By Yvonne Press
Take a look at recreational day dive boats and the ratio of male to female divers is almost 1:1. Now take a look at technical diving courses or trips and the picture changes dramatically.
Technical diving attracts a largely male following, but the reasons may not be clear at first glance. What is preventing female divers from taking the plunge into greater depths and overhead environments? Here we’ll examine a few possible stumbling blocks in the path of female tec divers.
One hindrance for potential female tec divers could be the sheer amount of equipment required. Take a look at a full set of recreational diving equipment. Now double it and then add some more for contingency, and you’re looking at the average tec diver’s gear bag. Overkill? No. Sensible technical divers simply plan for (almost) all eventualities. Most women I know love planning and are not exactly devoted to packing light, so it’s unlikely that this is the main reason. The equipment can be heavy, however, and undertaking operation of so many moving parts can be intimidating to newbies, men and women alike.
Lack of role models
Female tec diving instructors are in short supply. In Southeast Asia, leading technical diving agency TDI lists only a handful or so of active female technical diving instructors. TDISDI SEA representative Alex Yeo confirms that less than 10 percent of the agency’s qualified technical instructors are female, and not all of them are actively teaching.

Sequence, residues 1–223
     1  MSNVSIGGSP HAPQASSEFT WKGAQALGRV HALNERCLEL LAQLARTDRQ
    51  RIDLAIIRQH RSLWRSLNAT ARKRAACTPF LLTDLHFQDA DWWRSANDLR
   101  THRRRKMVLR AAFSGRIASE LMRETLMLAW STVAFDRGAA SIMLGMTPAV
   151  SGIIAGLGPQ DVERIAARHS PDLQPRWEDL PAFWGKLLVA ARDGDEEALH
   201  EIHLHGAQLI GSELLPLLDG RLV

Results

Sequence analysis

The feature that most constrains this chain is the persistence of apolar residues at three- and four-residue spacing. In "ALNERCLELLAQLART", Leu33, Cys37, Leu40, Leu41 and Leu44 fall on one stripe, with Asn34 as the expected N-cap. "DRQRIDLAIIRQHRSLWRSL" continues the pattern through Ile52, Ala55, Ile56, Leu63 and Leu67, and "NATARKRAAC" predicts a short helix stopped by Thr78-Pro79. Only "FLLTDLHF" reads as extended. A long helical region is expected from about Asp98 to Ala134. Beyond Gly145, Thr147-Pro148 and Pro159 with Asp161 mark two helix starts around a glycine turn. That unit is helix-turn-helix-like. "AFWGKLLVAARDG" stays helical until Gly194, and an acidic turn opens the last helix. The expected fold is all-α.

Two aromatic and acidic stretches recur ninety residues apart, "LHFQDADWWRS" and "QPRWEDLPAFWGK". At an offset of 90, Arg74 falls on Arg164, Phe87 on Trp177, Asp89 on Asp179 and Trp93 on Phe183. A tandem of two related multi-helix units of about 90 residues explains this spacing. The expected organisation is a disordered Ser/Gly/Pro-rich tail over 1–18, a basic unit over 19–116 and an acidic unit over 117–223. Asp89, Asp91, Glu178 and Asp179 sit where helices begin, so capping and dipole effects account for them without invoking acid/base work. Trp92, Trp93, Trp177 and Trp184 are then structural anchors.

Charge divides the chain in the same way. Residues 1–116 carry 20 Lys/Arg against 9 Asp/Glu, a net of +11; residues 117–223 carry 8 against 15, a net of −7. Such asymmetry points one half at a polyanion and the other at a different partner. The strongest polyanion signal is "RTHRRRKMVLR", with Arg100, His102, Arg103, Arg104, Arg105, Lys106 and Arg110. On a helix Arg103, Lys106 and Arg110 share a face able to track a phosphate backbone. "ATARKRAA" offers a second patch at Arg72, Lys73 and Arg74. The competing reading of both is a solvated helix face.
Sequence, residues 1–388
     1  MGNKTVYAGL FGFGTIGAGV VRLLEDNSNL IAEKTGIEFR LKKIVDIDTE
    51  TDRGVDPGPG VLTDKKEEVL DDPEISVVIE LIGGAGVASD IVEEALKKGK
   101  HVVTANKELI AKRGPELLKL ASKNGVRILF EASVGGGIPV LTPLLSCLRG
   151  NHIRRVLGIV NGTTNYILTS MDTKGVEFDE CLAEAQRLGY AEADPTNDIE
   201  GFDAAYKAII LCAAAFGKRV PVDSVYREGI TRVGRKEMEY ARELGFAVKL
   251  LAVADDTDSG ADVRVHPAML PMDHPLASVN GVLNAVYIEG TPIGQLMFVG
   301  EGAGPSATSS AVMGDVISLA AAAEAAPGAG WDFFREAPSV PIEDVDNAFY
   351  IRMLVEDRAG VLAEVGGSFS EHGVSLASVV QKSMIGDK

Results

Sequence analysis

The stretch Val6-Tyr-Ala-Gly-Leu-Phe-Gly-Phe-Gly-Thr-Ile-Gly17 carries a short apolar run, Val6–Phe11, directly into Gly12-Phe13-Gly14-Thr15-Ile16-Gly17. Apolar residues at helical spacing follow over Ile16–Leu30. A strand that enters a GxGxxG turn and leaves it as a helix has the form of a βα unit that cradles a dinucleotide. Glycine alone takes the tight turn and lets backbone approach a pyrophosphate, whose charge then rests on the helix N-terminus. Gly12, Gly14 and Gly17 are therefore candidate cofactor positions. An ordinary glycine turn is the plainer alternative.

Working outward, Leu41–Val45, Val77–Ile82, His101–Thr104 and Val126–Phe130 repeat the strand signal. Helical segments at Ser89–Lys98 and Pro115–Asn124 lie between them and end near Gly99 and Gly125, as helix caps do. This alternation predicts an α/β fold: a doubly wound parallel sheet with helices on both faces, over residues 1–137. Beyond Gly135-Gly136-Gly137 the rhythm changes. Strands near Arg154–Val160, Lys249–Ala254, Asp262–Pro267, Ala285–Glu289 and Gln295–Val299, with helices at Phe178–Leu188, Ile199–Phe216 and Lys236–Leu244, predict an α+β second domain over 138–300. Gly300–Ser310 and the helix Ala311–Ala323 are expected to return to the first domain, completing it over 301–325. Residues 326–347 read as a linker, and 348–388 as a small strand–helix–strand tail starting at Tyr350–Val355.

While the quality of any diving course shouldn’t be affected by the instructor’s gender, prospective students might find it easier to relate to someone similar to them — and in many cases that’s not a 6-foot tall, burly male with a shaved head — no offense to my tec instructor colleagues.
I believe most technical instructors would agree that they would like to train more students. My first student after qualifying as a technical diving instructor with Davy Jones Tech on Koh Tao was female, and she mentioned that one of the deciding factors for her was the fact that she would be trained by another female.
Simply going on personal, anecdotal evidence, around 50 percent of those enquiring about training with me personally have been female. Sheer chance? Perhaps, but seeing a girl on the boat gearing up and running through checks for a technical dive has certainly helped break down barriers for prospective students.
Finally, you don’t need to search far to find truly inspirational role models: simply take a look at videographer for extreme underwater environments and tec instructor Becky Kagan Schott in the US; Canadian cave diver, photographer and filmmaker Jill Heinerth; Tekstreme Diving co-owner and instructor Cat Braun in the Red Sea; or South African cave-diving record holder Verna van Schaik to see how far techie girls can go underwater.